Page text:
Replacing a Full Arch of Teeth

Our Sutton Coldfield implant dentist discusses the available options

For some people, losing a full arch of teeth often occurs in the later years of their lives. However, it can happen to younger people too and may be caused by accidents or illness, or even the side effects of medication used to treat them. When it does occur though, it can be devastating to our confidence and also our ability to eat and speak effectively.


Traditionally, when this has occurred, a full arch of dentures has been used to replace the missing teeth. These can often feel uncomfortable and inconvenient, although modern advances in denture technology mean that great improvements have been made more recently. For example, some dentures such as the ‘Valplast’ type that we offer at Arthur House Dental Care, are much better than older style ones, offering more comfort and flexibility.

Even with modern dentures such as Valplast though, there are still unavoidable disadvantages. The first of these is that the lack of teeth in the jawbone will cause the face to change shape, often leading to a ‘sunken’ effect in the cheeks, particularly as the years pass. Dentures also need to be removed and cleaned thoroughly, often involving soaking overnight.

Dental Implants

Dental implants are increasingly being used to replace lost teeth, more often than not simply for a single lost tooth. They are also excellent to replace several lost teeth but if a complete arch of teeth has been lost, then, to replace each tooth would be a lengthy and expensive procedure that few would choose.

Dental implants though, can still play a significant role in a procedure used to replace a full arch of missing teeth without the inconvenience of replacing each tooth individually. For this, implants are used as a major component in a procedure sometimes known as an ‘all on 4’ or ‘teeth in a day’. This involves the use of dental implants to hold a fixed bridge in place.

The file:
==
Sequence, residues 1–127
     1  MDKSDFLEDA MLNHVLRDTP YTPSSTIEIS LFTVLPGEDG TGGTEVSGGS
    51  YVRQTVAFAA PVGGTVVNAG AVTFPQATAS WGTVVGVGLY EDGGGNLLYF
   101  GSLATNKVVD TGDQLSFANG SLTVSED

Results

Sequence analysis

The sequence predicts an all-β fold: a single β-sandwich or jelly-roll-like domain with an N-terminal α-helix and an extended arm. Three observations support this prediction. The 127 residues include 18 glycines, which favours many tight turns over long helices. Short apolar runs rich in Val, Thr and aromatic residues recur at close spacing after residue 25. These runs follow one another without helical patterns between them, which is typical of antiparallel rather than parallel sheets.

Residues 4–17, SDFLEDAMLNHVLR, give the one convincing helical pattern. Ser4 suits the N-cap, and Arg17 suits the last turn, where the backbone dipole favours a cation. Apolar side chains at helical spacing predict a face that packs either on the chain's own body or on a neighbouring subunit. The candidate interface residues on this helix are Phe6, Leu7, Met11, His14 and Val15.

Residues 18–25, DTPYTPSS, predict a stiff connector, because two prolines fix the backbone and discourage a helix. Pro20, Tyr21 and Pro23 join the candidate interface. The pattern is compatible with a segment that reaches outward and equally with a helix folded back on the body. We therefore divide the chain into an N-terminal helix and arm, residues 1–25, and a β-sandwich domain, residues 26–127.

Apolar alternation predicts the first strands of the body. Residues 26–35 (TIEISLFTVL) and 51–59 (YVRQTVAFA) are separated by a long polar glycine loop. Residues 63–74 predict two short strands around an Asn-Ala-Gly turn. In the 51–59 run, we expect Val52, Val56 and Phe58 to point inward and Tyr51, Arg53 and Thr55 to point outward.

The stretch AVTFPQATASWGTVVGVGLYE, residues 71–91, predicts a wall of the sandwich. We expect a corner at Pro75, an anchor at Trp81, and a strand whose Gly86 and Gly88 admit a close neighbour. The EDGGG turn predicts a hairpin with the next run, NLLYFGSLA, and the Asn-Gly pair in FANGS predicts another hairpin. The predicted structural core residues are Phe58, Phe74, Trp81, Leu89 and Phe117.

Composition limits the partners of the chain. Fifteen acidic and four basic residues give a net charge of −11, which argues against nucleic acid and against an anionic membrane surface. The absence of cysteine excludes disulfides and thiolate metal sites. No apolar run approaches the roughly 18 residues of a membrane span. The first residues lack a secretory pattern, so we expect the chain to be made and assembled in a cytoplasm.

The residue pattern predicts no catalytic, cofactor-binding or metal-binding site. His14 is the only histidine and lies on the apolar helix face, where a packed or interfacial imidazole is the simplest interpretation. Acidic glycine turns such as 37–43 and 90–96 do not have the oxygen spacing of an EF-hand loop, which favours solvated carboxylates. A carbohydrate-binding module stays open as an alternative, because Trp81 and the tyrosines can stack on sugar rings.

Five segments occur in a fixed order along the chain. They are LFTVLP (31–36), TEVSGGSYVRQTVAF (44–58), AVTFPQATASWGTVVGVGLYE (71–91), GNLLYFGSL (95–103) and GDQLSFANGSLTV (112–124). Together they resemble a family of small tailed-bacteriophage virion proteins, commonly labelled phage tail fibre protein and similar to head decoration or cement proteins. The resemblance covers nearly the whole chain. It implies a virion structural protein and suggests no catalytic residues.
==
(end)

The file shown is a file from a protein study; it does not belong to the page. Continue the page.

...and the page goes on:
To perform the procedure, two standard dental implants are placed at the front of the mouth and two specially designed implants are placed at the rear. It is these special implants that are key to the success of this procedure. They are placed at an angle near to 45 degrees which increases the security of the bridge placement. This procedure is often suitable for people who have low bone density in their jaw and negates the need for a bone graft beforehand.

Once these have been placed, unlike with individual implants where a wait is necessary for the bone to integrate, a fixed bridge can be attached instantly leaving the patient free to leave the practice with a full set of teeth. Naturally, there may be a little soreness following the procedure and we would suggest that soft foods are eaten for a little while until you feel comfortable and the initial discomfort has subsided.

Once the fixed bridge is in place and settled, you will be able to eat almost anything you want as the ‘all on 4 system’ is much better at coping with “difficult” foods than traditional dentures.

Cleaning too is significantly easier as the bridge does not need to be removed but can be brushed in the same manner as with regular teeth.